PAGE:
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Meltdown 101: What are spent-fuel pools and why are they a threat?

Spent-fuel pools are shielded only by the buildings at Japan's Fukushimi I nuclear power plant, and three have now been damaged by explosions. Low-level radiation leaking from the pools could dramatically worsen if the water levels drop low enough for spent rods to burn.

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This 2010 file photo shows the spent-fuel pool inside the No. 3 reactor at Fukushima I nuclear power plant. Four of the plant's six reactors have now overheated and sparked explosions since a massive earthquake and tsunami on March 11 knocked out cooling systems. With no shielding beyond the reactors' outer walls, spent-fuel pools are already leaking radioactive material, and could release more, if the water level drops too far.

Jiji Press/AFP/Getty Images/Newscom/File

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An explosion and fire at Japan's stricken Fukushima I nuclear power plant has added spent fuel to the roster of crises that workers there are struggling to control.

The explosion, which hit at 6:14 a.m. local time Tuesday, was likely caused by a build-up of hydrogen gas inside No. 4's reactor building, according to Japan's Kyodo News Service, citing officials with the Tokyo Electric Power Company, which operates the facility. Others posit that the fire involved oil and other lubricants in the building.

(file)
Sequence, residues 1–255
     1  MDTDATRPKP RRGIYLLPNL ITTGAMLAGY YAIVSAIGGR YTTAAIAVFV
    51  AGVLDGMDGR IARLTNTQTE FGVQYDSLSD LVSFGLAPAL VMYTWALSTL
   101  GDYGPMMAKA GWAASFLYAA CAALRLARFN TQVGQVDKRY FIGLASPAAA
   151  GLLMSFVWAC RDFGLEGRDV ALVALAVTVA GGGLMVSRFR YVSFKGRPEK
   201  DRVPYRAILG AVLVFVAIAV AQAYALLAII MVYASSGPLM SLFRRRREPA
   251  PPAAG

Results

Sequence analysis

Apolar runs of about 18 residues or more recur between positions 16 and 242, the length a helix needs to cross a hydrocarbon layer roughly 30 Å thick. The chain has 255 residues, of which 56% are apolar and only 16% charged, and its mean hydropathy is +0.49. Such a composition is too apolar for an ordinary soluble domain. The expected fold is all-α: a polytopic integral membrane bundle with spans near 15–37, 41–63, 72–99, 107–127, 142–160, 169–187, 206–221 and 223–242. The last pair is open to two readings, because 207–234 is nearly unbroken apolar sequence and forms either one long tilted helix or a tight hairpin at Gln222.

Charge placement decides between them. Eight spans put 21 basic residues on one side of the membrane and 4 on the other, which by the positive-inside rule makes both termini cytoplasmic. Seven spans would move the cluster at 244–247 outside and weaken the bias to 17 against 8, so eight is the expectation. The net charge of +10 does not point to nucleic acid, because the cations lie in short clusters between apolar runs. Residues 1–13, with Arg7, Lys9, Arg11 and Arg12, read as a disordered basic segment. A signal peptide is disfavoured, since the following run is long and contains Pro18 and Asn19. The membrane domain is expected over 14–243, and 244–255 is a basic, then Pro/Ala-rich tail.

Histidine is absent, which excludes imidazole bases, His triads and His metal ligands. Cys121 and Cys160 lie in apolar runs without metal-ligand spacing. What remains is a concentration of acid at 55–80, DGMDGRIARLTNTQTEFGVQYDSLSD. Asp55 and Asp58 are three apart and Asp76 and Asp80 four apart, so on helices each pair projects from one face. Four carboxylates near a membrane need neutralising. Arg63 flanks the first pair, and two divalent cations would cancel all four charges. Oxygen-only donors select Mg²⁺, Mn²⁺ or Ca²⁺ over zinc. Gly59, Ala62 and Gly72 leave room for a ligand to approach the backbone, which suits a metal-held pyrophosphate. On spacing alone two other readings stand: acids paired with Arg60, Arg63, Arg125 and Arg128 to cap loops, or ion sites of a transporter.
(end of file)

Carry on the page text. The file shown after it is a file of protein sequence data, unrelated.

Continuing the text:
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The explosion blasted a pair of holes, 26 square feet each, in the reactor building wall. Just over two hours later, fire broke out.

The concern: Water levels in the pools holding spent fuel may be boiling off, threatening to expose the fuel. The explosion and fire, as well as an explosion at the No. 2 reactor, reportedly pushed radiation levels at the plant to levels that prevented workers from pouring additional water into the pool.

Spent-fuel pools shielded only by outer reactor building

Spent-fuel pools at the plant sit in the upper reaches of the reactor buildings, near the top of the reactors so cranes have easy access to load and unload fuel.

Most of the radiation shielding at the reactors comes from the thick steel reactor vessel itself, which sits inside a steel-and-concrete containment structure. The upper reaches of reactor buildings represent the weakest barrier in the plant's "defense in depth" approach to keeping dangerous levels of radioactivity out of the environment.

As a result, under the right conditions, the spent-fuel pools at the plant potentially pose as large a threat of environmental contamination – if breached – as the multiply-shielded reactor cores themselves. In particular, two of the reactors – No. 1 and No. 3 – have experienced explosions that blew holes in their roofs and upper levels.